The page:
Poachers that actively hunt or set snares for bushbuck, and uncontrolled dogs have serious effects on numbers. A biological problem that has manifested itself is the introduction of Nyala to farms on which bushbuck occur and where Nyala did not formerly occur. The Nyala, which belongs to the same family as the bushbuck, is a larger animal. It too lives by browsing, but being larger than the bushbuck requires more food and can reach browse, which the bushbuck cannot. If the introduced Nyala do well in an area, their numbers increase rapidly and the bushbuck numbers decline, sometimes to levels of local extinction. The Nyala threat is not applicable at Zimbali.


Management may be aimed at building up a bushbuck population, which can generally be achieved by habitat improvement and protection. The important requirements for bushbuck are suitable cover, the right type of food. Once the population has reached the maximum for the area one can consider another aspect of management, namely that of using the surplus.
Special care should be taken of all patches or indigenous bush and forest – no matter how small the patch. To prevent these patches from shrinking, ensure that veld fires do not burn right up to them, as each time this happens, the forest recedes a little. Not really applicable to Zimbali where the Bushbuck are not hunted and the habitat is managed by ZEMA.

Current Legal Status

(regulations for the new conservation act still have to be promulgated)
In KwaZulu-Natal, by request of our hunters and landowners, the female bushbuck is classified as “protected game” and may only be shot on a permit issued to the landowner. The male is “ordinary game” and may be shot by anybody in possession of a hunting license, who has the landowner’s permission, during the hunting season. Landowners who wish to remove females for management purposes should contact the KwaZulu-Natal Nature Conservation Service. A permit is issued free of charge after consultation with the District Conservation Officer in the area.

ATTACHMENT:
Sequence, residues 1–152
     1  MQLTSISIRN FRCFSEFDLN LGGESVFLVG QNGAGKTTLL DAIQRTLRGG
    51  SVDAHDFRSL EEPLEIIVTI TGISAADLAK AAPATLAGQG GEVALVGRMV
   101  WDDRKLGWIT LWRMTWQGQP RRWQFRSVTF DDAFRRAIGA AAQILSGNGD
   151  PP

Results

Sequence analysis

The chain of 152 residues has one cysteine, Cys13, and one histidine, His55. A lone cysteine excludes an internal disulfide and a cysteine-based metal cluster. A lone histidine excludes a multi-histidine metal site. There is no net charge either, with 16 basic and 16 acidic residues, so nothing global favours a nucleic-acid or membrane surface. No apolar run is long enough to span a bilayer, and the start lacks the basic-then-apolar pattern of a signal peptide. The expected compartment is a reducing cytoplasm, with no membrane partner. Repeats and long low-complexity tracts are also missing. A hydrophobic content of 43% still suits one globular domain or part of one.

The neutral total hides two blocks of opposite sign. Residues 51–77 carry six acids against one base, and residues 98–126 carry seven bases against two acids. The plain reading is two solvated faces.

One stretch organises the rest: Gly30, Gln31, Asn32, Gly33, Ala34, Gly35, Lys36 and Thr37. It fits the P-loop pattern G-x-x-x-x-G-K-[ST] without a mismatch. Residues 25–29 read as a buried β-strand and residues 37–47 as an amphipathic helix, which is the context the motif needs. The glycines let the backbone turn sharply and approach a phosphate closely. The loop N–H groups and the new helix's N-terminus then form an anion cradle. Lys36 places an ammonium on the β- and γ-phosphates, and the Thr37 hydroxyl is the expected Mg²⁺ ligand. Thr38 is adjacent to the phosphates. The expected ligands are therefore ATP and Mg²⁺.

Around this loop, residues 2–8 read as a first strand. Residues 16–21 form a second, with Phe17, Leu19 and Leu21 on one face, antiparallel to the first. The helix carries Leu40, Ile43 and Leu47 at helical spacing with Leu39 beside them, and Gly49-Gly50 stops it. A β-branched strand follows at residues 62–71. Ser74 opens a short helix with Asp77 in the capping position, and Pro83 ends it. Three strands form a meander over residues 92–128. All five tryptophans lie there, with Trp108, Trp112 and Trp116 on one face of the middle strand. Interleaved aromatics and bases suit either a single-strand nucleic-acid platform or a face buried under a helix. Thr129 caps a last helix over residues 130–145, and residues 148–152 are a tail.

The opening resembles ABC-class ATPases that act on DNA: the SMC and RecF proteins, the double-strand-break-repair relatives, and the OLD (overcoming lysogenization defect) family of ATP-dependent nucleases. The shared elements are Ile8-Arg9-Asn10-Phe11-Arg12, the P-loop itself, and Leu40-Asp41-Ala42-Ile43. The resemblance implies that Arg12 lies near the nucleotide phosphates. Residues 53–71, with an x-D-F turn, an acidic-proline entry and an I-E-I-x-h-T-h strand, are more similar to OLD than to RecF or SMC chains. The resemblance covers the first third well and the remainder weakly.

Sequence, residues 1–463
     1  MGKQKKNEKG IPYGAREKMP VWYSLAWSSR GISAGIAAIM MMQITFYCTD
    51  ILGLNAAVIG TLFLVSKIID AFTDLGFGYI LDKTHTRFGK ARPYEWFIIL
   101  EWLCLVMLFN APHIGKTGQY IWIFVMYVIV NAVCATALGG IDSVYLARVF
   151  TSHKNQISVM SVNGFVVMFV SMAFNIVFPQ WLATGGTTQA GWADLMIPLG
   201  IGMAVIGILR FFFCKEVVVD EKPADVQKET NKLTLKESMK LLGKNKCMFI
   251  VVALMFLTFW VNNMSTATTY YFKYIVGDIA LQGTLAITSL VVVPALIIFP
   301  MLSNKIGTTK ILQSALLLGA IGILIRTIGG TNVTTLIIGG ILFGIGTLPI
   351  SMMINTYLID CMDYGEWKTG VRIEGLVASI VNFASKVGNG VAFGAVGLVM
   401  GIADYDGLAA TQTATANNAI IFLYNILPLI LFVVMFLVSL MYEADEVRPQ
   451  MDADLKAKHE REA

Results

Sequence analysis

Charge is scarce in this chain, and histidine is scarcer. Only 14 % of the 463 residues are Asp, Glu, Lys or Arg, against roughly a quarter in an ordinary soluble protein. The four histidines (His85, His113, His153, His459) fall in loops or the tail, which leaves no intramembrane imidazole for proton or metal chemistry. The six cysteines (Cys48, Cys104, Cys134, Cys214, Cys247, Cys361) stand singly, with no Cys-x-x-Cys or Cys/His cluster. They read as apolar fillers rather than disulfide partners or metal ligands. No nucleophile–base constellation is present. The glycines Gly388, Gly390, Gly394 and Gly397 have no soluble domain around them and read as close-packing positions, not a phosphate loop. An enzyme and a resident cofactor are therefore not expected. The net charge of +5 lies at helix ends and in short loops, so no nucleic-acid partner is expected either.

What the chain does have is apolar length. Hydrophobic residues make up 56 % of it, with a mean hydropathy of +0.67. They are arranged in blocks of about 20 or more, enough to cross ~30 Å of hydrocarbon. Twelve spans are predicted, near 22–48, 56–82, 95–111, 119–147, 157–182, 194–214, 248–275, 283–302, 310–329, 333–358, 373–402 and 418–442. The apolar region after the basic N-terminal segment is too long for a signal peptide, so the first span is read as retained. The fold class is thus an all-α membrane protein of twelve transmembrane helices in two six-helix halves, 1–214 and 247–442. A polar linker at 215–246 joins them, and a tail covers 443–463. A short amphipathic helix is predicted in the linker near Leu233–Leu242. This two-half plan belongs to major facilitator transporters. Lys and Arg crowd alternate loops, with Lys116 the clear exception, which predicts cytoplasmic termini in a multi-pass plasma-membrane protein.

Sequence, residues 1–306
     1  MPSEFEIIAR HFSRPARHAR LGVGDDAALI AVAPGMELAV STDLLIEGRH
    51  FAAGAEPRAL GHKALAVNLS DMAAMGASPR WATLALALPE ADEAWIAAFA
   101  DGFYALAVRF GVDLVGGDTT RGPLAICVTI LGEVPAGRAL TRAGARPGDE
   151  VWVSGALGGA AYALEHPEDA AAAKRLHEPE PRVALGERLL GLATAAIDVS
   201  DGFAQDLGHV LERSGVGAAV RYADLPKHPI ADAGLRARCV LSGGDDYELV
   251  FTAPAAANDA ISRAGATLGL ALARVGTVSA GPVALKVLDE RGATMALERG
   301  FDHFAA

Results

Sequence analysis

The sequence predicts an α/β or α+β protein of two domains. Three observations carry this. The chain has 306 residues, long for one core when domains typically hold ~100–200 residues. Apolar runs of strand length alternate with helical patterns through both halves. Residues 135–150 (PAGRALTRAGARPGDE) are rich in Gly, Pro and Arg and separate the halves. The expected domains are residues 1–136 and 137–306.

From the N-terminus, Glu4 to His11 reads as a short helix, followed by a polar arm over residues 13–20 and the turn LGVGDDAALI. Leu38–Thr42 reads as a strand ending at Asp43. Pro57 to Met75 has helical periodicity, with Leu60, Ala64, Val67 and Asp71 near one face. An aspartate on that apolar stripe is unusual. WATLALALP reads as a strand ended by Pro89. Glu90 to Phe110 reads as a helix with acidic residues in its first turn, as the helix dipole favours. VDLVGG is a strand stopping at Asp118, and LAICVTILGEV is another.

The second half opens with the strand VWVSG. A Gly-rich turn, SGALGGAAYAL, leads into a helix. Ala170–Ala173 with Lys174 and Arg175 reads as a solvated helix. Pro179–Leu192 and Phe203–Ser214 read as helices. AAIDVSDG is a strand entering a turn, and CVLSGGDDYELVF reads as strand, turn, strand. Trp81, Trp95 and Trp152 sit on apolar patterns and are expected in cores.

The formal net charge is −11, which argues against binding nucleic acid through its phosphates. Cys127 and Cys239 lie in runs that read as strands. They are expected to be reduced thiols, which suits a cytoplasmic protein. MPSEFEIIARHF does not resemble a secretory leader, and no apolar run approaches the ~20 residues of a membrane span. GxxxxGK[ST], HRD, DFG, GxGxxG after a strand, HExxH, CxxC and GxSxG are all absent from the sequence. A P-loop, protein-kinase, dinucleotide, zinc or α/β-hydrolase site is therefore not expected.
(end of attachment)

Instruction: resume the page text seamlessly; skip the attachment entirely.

It has often been said that bees are responsible for one out of every three bites of food we eat. Most crops grown for their fruits (including vegetables such as squash, cucumber, tomato and eggplant), nuts, seeds, fibre (such as cotton), and hay (alfalfa grown to feed livestock), require pollination by insects. Pollinating insects also play a critical role in maintaining natural plant communities and ensuring production of seeds in most flowering plants.

Due to the success of its strict conservation policy, Zimbali Estate has acted as a conservancy for the re-establishment of many threatened indigenous species, by providing a secure home to a variety of local flora and fauna, including predatory birds known as raptors.